There aren't going to be tons of questions here, though I could certainly ask them all that come to me as I read, but there's really no point.  The deep issues here--the relationships between brothers and sons/fathers--repeat and repeat.  Rather than disecting, perhaps we can connect.  What in your lives has been like whatever aspect(s) of Adam's--or anyone else's--experience?  The majority of the stuff here is going to be quotations.  Relate to them.  Connect them to yourself, other literature, other people.

Reading Questions 4
Chapter 3.2

  1. Is it true that there is some violence in everyone?
  2. In childhood, how well did Charles know his older brother?  Was he aware of the "rich full life that went on" behind Adam's "quiet eyes?"  Was Adam indeed a helpless thing, like "a puppy or a new baby?"
  3. "Adam was glad of Charles the way a woman is glad of a fat diamond."  How does this (together with what Steinbeck actually writes of it) speak of the emotions between the boys--"love, affection, empathy...."
  4. "For Alice had been naked--she had been smiling."
  5. Review and explain: What are Adam's tunnels?

Chapter 3.3

  1. The beating of Adam by Charles, and Charles's utter lack of remorse or, much less, apology, which, according to Adam (or narrator?), was Charles's "one great quality," and the contrast of all this against Alice's seeming tenderness, which was somehow echoed by a softening also of old Cyrus.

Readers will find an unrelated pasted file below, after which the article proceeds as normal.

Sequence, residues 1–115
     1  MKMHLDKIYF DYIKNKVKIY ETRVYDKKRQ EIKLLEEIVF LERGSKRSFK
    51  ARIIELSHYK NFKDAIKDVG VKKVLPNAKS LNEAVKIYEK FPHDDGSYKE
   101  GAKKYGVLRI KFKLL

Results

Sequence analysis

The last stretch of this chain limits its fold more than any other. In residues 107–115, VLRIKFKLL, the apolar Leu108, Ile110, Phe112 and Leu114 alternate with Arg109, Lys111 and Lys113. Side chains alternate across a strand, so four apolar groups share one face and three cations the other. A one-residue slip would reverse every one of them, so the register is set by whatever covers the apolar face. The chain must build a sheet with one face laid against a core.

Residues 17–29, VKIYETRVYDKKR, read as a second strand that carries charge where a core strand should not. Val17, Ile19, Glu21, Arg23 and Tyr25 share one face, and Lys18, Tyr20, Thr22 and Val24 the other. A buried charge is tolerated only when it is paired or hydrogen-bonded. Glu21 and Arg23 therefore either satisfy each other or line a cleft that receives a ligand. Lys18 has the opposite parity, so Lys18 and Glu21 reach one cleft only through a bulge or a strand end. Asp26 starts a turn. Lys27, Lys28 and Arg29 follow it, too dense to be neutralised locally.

2. How does Charles feel about the exclusion from certain conversations between Adam and Cyrus?  Use this as an explanation of some sort--rationalization--for the beating.  What danger does Adam pose to Charles by beating him at his own game?  Or is it something totally simple like the childish need for everything to stay the same, the violation of which easily insights insecurity and violence?
  3. "You can drive a human too far.  ...  Always you must leave a man one escape before death."
  4. Justify the benefits of permitting yourself to hit bottom, which, according to Cyrus, seems to be the soul's panacea!
  5. The requirement for Adam's enlistment is as dire as that of keeping Charles home.  Will this bring them closer together, narrowing the gap of their differences?
  6. "I love you better.  Else why would I have given myself the trouble of hurting you?"

Chapter 3.4

  1. We see the obviousness of Cain and Abel.  Anticipate the murder, but don't expect it to be literal.  If it was literal, after all, the malice, jealousy, and love (all simultaneously present) culminating in some sort of violence couldn't perpetuate itself, thereby robbing us of, 1, the rest of the novel, and 2, one of the great themes of the book, to be seen later.
  2. Did God love Abel better?
  3. What is it like to go blind--literally, morally, whatever-ly--with rage?  Is this what Charles experiences when violence surfaces?
  4. Is Charles evil?
  5. "Doppelganger" is often slightly misinterpreted.  How does it apply here?
  6. Cyrus tells Adam, "...you're always protecting him!  Don't you think I know that?"  Discuss the irony.
  7. Does anyone KNOW Charles?

No comments:

Post a Comment

Be sure to subscribe to the thread to receive discussion updates.

Related Posts Plugin for WordPress, Blogger...